Who were the U16 alumni who leaped to compete in the World Cup 2023?
DOHA (Qatar) – The FIBA U16 Asian Basketball Championship serves as the breeding ground for Asia and Oceania’s future basketball stars on the global stage.
Indeed, this proved true for several talented players who showcased their skills at the recently concluded FIBA Basketball World Cup 2023. In total, approximately 20 players who had previously represented their national teams at the U16 Asian Championships made their mark while playing for their senior national teams at FIBA’s premier basketball tournament.
Before we delve into the emerging talents at the U16 Asian Championship 2023 in Doha, Qatar, set to take place from September 17 to 24, let’s briefly examine those 20 players who took their initial steps on this platform.
The first group of talents from the 2009 edition of the competition have since become seasoned veterans in their respective national teams.
Mashayekhi is now a vital part of Iran’s guard rotation. In his 5 games at the World Cup, he averaged 18.2 minutes, contributing 5.2 points and 2.6 assists per game. The 29-year-old has participated in two World Cups and three Asia Cups.
Ravena was a “phenom” from the outset when he entered the world of FIBA basketball in 2009. In his recent second appearance at the World Cup, he took on a more seasoned leadership role at the guard position, notably scoring 8 points against Italy.
Jordan’s World Cup squad featured two players who had represented their U16 team in 2009, the inside-outside duo of Kanaan and Al Dwairi. While Kanaan shone brightly at the youth level, Ahmad Al Dwairi has recently taken the spotlight with the national team. The big man Al Dwairi consistently posed a double-double threat, averaging 14.8 points and 9.0 rebounds per game for the Falcons at the World Cup.
As champions in 2011, Zhao Jiwei and Zhou Qi formed a dynamic duo for China, a partnership that has endured at the senior level. Zhao led the team in assists with an average of 4.0 per game, while Zhou was second in the team in EFF (12.8) and scored 8.4 points per contest with an impressive 76.2 percent field-goal shooting.
Meanwhile, Yudai Baba played a crucial role in Japan’s inspiring run in the World Cup, emerging as one of their top perimeter defenders and averaging 6.4 points and 1.4 steals per game in Okinawa.
China takes pride in its tradition of nurturing big men through its youth national team programs, and the 2013 class upheld that legacy.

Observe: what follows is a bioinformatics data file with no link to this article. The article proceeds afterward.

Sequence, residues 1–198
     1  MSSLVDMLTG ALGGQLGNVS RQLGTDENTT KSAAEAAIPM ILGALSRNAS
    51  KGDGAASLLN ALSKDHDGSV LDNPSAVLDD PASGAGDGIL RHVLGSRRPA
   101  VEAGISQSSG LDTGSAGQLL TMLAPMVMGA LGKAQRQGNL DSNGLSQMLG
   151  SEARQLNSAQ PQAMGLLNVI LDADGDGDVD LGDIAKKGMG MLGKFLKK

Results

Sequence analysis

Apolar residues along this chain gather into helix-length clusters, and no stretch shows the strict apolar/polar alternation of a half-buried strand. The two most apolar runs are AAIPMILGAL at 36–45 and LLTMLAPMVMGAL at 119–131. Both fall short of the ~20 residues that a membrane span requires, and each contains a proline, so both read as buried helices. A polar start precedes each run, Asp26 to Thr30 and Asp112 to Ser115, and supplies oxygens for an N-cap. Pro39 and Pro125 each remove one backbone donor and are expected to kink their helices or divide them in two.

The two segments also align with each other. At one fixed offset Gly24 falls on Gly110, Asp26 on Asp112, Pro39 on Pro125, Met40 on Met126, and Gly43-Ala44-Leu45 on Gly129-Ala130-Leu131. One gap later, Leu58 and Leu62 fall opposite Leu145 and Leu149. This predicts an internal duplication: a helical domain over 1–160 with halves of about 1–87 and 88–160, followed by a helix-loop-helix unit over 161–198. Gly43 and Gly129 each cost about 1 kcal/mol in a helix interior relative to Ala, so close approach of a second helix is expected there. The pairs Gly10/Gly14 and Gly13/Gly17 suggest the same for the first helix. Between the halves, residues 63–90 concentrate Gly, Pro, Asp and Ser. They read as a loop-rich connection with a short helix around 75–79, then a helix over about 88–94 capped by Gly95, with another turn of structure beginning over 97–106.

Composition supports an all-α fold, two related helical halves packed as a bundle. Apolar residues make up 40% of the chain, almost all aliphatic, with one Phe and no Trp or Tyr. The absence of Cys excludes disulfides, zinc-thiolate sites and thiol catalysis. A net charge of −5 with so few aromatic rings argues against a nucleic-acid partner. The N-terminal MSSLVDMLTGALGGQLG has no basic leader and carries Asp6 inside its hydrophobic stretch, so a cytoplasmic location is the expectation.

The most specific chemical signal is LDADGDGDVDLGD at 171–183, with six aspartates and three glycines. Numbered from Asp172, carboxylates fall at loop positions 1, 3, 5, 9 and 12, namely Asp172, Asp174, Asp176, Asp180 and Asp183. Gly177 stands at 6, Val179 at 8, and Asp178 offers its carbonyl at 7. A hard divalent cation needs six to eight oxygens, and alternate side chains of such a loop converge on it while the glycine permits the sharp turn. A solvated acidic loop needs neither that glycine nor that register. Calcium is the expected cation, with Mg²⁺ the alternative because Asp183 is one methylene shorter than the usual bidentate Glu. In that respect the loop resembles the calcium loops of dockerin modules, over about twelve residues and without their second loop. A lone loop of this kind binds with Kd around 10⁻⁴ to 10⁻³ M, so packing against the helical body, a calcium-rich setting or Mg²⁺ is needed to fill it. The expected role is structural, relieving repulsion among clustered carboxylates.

Hu was unstoppable at the youth level and continues to be a force at the senior national team level. He was the second leading scorer for China, averaging 9.3 points per game, including a remarkable 20-point performance against Angola where he shot 8-10 from the field. Fu Hao also had a productive game against Puerto Rico, scoring 11 points and grabbing 4 rebounds for China.
It’s no secret that Zeinoun could be the next big thing in Lebanese basketball. He has displayed his potential since his remarkable run in 2015 and is now consistently delivering for the senior national team, including two double-digit scoring performances at the World Cup.
Nishida and Soichiro had smaller roles in this World Cup squad, but coach Tom Hovasse has entrusted this pair throughout the qualifiers, indicating a positive outlook for their future in the program.
Playing at the World Cup just five years after competing at the U16 level is a testament to the exceptional talent of these players.
Iran’s stars are still performing at a high level, but they are already grooming a new generation. This is evident in the presence of four players on their World Cup roster who played in the U16 in 2018: Agha Miri, Girgoorian, Vahedi, and Aghajanpour. Although they currently have limited roles with the senior team, they are undoubtedly learning from the likes of Hamed Haddadi, Arsalan Kazemi, and Behnam Yakhchali.
For the Philippines, it was evident from the start that Sotto would have a promising career with the senior national team at a young age. He has already proven himself in several senior national team events, including the home World Cup, where he contributed 12 points and 6 rebounds in a crucial victory over China.
However, perhaps no other U16 Asian Championship alumnus shone as brightly as the tandem of Yuki Kawamura and Keisei Tominaga. Sharpshooter Tominaga was the team’s fourth-leading scorer, averaging 11.4 points per game, with notable scoring outbursts against Finland (17 points) and Cape Verde (22 points), which helped Japan secure a spot at Paris 2024.
The revelation was Kawamura, who not only scored 25 points against Finland but also ranked third on the team in scoring, with an average of 13.6 points per game. He also ranked third among all players in assists, averaging 7.6 assists per contest, highlighted by an impressive 11 assists against Venezuela.
If you were impressed by Iran having four players from the U16 Asian Championship in 2018, wait until you hear about Mohammad Amini.
At just 18 years old, Amini is not only the youngest player on Iran’s World Cup team but also the second youngest player in the entire World Cup. He led the team in scoring, averaging 13.2 points per game. This achievement is particularly remarkable considering he accomplished it alongside established players like Haddadi and Yakhchali, with standout performances, including a 22-point game against Lebanon and a 19-point game against Spain.